A few years back, a major golf wager came up among poker players during the World Series of Poker. It is my favorite Doyle Brunson story (for good reason).
During one of the tournaments, Doyle was seated at a table with high-stakes players Howard Lederer and Huck Seed. Those two had been playing a lot of golf at that time and were looking to get Doyle out on the course. Doyle said he would take me for a partner and play them in a scramble match (meaning that both players hit a shot and then play the best shot). The catch was that we would tee off from the red tees (ladies tees) and they would tee off from the blue tees at TPC Summerlin. They agreed.
The bet was a $20,000 nassau (a separate $20,000 bet on the front nine, back nine, and total) with one automatic press a side. By the way, Doyle was staking me to a freeroll in the match. The next day, Howard and Huck chided Doyle for taking the bet. Doyle said to them, “If you think you’ve got the nuts, double the bet to $40,000.” They did. “Game day” was set for 30 days after the WSOP.
What amazed me about Doyle making this bet was that neither he (in his 60s at the time) nor I had played any golf in several years. In addition, Doyle was on crutches from a knee operation and couldn’t walk without them. Now, Doyle is an action man, but without our having played in so long, it seemed like a pretty daring bet. But Doyle said he had forgotten more about golf than they would ever know. He didn’t see how they could overcome the tee advantage we enjoyed.
After the bet reached $40,000, Doyle said to me, “We better go out and see what we can shoot.” The next day, we went to the course and shot a 76, which is a horrible score when scrambling from the ladies tees. All the way around the course, Doyle kept saying, “I can’t believe we’re this bad. We stink. We’re gonna get killed. I’ve got to get out of this bet.”
So, he went back to the poker room the next day, and after playing for a while, he calmly asked Howard and Huck, “What do you guys want to do with this bet?”
They said, “What do you mean? We want to play.”
Doyle said, “Well, it’s going to be a close match, and my knee is bothering me. I don’t want to injure myself.” They responded that we had a bet and they wanted to play the match. At that point, Doyle threw his chest out at them and declared, “Well, I’ll tell you what. You can either double the bet or cancel it!” (You have to know Doyle to really appreciate this ploy.) Howard and Huck looked at each other and said, “OK. We’ll double it to $80,000!”
Doyle had bluffed and they had called. Turning to Plan B, I assured him that I could play poker online a lot better with some serious practice. I said I would go to Florida for two weeks and train with Harold Henning, a friend of mine who was playing on the Senior PGA Tour, but was off the following week. Doyle reached into his pocket, pulled out two $5,000 chips, flipped them to me, and said, “Go train.” Doyle knows how to take care of his men.
When I returned to Vegas, my game was as good as it was going to get. Doyle sent a man (who knew Howard’s and Huck’s game) out to the course to watch me play, and I played well. After the round, we went over to Doyle’s house to report in. Doyle asked him what he thought, and the guy said, “Doyle, you’ve got the nuts.”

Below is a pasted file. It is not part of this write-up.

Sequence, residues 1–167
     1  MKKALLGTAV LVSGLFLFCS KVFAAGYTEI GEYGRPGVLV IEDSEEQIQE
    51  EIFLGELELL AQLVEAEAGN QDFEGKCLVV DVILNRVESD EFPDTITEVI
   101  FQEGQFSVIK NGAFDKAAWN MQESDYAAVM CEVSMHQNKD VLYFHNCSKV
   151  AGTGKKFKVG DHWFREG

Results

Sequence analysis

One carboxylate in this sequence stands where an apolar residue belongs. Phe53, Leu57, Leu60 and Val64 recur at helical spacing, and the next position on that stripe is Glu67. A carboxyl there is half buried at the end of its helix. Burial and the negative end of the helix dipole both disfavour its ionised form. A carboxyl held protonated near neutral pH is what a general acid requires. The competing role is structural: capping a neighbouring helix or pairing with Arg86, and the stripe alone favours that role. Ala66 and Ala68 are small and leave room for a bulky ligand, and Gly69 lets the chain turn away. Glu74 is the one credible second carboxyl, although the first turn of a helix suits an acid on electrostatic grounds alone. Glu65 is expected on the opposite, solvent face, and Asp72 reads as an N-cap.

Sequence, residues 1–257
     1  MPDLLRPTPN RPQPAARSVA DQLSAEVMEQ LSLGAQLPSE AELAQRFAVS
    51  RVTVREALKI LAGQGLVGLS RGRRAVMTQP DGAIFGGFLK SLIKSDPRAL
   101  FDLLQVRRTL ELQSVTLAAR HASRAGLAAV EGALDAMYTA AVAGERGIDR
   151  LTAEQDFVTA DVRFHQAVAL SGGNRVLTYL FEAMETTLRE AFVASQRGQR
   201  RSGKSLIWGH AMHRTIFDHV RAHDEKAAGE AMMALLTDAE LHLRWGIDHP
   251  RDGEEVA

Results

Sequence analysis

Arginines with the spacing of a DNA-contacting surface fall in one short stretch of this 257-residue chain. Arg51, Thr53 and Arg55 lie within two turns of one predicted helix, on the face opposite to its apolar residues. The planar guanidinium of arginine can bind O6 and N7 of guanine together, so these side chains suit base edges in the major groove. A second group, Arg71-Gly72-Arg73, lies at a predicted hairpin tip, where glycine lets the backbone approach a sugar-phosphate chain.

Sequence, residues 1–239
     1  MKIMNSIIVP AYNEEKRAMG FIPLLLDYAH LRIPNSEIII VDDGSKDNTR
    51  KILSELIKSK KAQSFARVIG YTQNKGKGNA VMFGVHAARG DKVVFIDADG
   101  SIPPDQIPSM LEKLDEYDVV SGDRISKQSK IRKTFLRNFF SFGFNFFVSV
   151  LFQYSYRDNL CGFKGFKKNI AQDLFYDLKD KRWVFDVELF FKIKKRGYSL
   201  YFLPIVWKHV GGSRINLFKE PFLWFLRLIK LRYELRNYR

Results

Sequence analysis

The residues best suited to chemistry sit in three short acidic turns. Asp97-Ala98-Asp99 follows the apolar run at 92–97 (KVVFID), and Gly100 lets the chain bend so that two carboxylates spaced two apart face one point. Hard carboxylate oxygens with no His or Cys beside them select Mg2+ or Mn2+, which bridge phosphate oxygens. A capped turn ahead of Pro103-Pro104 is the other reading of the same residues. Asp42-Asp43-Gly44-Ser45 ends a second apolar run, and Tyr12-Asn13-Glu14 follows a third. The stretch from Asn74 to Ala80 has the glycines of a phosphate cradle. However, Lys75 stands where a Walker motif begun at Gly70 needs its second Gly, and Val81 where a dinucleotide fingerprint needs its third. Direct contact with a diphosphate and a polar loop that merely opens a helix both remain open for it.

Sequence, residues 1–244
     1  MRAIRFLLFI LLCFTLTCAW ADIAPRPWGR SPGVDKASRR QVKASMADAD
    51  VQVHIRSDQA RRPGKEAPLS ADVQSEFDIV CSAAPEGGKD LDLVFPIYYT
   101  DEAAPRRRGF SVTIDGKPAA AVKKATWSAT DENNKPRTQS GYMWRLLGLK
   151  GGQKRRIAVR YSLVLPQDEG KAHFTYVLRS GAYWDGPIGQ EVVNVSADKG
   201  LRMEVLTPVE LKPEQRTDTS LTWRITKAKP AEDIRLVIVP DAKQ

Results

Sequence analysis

Doyle nodded and said, “We’ve got the nuts, do we? Well, how much would you like to bet on us?”
The guy, who had never bet more than $500 on anything, answered, “I want to bet $5,000 on you.”
Hearing this, Doyle displayed a broad grin and lit up like a Christmas tree. He exclaimed, “That’s good enough for me!”
The next day, Doyle was back in the poker room and going into his act. “What do you guys want to do with this bet? It’s going to be a close match, it’s hot out there, and my knee hurts.” After saying they wanted to play, Doyle again declared, “Well, you can either double the bet or cancel it!” And they doubled it again — up to $160,000. “The Match” was on. It was now a situation in which you could win or lose $800,000 in one round of golf!
On game day, which turned out to be the hottest day of the summer, about 50 carts followed us around the course. It looked like a PGA Tour event. And what a show they saw. If only we’d been smart enough to film this event for television; it would have been exciting reality TV.
Doyle and I jumped out to a 2-up lead after four holes. On the fifth hole, we had about a 12-foot putt for birdie and they had a 40-footer. Howard missed, and then Huck drained it. Doyle and I both hit good putts, but they lipped out — one on one side, one on the other. Ouch! Instead of going 3-up on the original bet and 1-up on the press, and being in total command, we were now 1-up and 1-down (even), which is how we finished the front nine.
They birdied 10 and we birdied 11, and it stayed even until 15. There, Doyle and I made our only bogey of the day (on the shortest hole on the golf course) to go 1-down. On 16, we had about a 50-foot putt for birdie that broke about 10 feet to the left, and they had a 6-foot putt for birdie. Things didn’t look good.
I putted first and didn’t come close to making it. Then, Doyle stepped up and stroked it, and before it got halfway to the hole, he started screaming, “It’s in! It’s in!” Incredibly, the putt went in, and the crowd went crazy. (Forget about television, this should have been on the big screen!)
They made their birdie and were still 1-up on the back nine, but Doyle’s putt seemingly broke them down. We won 17 and 18 and ended up winning two bets for the day ($320,000). It was an amazing match that was anything but “the nuts”. I was quite pleased with the way I played. And Huck played terrific golf, the best of the group. Doyle, however, was still “the man.”
There are certain days in life that you put in a frame and hang on the wall. This was one of them.